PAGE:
Possession of a bladed article- Section 139 of the Criminal Justice Act 1998

Possession of a bladed article- Section 139 of the Criminal Justice Act 1998




Possession of a Bladed Article is one of the most common offences that come before the Courts. This may be due to the publicised view of the government and the courts that knife crime is a serious, violent and substantial area of crime which needs to be tackled. As a result, the consequences of possessing a blade, even without any threats or violent actions, can be dire.


The view of the court can be best summarised by the Court of Appeal judgment in R v Povey and Others [2008] EWCA Crim 1261 as follows:


Every weapon carried about the streets, even if concealed from sight, even if not likely to be or intended to be used, and even if not used represents a threat to public safety and public order. That is because even if concealed, even if carried only for bravado, or from some misguided sense that its use in possible self-defence might arise, it takes but a moment of irritation, drunkenness, anger, perceived insult or something utterly trivial, like a look, for the weapon to be produced.


If you are facing a charge regarding the possession of a bladed article it is essential that you obtain robust and experienced counsel.


What is Possession of a Bladed Article?


The offence is governed by Section 139 of the Criminal Justice Act 1998. The Prosecution must prove beyond reasonable doubt (meaning “sure”) all of the elements to this offence in order for a defendant to be found guilty. The elements are that a person:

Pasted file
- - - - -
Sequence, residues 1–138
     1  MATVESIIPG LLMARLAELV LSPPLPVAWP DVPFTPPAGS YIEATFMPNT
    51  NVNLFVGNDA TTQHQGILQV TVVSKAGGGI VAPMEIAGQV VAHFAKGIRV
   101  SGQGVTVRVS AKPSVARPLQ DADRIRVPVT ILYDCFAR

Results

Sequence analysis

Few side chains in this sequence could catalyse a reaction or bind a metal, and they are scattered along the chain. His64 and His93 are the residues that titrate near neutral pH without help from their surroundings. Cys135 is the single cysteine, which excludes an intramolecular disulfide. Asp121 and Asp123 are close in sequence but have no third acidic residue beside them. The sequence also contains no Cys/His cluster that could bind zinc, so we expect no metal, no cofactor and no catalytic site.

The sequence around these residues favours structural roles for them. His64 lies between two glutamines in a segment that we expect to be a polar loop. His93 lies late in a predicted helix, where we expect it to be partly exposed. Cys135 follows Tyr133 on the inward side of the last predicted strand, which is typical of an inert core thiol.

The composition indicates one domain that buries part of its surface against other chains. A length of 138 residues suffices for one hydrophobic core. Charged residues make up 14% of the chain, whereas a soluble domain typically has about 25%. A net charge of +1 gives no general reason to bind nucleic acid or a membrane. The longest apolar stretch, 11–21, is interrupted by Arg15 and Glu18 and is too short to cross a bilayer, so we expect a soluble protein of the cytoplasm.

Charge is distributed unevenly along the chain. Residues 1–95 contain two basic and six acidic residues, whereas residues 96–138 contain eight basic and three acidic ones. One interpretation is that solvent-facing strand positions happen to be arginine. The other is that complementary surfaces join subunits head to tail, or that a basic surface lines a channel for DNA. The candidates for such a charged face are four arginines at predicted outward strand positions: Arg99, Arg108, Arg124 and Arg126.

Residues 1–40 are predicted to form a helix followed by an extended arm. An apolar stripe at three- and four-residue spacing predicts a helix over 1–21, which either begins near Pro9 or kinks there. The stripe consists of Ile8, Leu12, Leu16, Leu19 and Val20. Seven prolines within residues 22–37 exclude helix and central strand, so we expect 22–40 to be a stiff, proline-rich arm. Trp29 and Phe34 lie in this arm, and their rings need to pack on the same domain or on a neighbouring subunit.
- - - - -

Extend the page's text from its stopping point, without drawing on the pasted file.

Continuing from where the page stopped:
1. Has with him [or her]
2. A bladed article
3. In a public place


I will take each of these elements in turn.


I. What does “has with him” [or her] mean?


This phrase does not simply mean in the person’s hands or on their body. It includes all circumstances where there is a close physical link and degree of immediate control over the article. For example a knife could be in a person’s car and they might be in possession of it.


Additionally, there must be knowledge of the person that the article is “with” them. Forgetting about the article, however, has been found to not be sufficient to amount to a lack of knowledge.


II. What is considered a Bladed Article?


A bladed article is an object which has a blade or sharply pointed, however, there are some exceptions.


A folded pocketknife will not be considered a bladed article is the blade is 3 inches or less. A shorter pocketknife could be considered an offensive weapon, as opposed to a bladed article, depending on the intention of the holder. This would apply similarly to a screwdriver.


Length is only a factor when considering folded pocketknives, it does not apply to not other pocketknives or a foldable cut-throat razor (R v R [2019] EWCA Crim 45)


For avoidance of doubt, the blade does not have to be sharp. For example, the court identified that a butter knife can be considered a bladed article (Charles Brooker v Director of Public Prosecutions [2005] EWHC 1132).


III. What is a Public Place?


A public place means any place to which, at the relevant time, the public have, or are permitted, access. This is regardless of whether payment or conditions need to be satisfied for access to be granted. This means that otherwise private places can be considered public for this offence.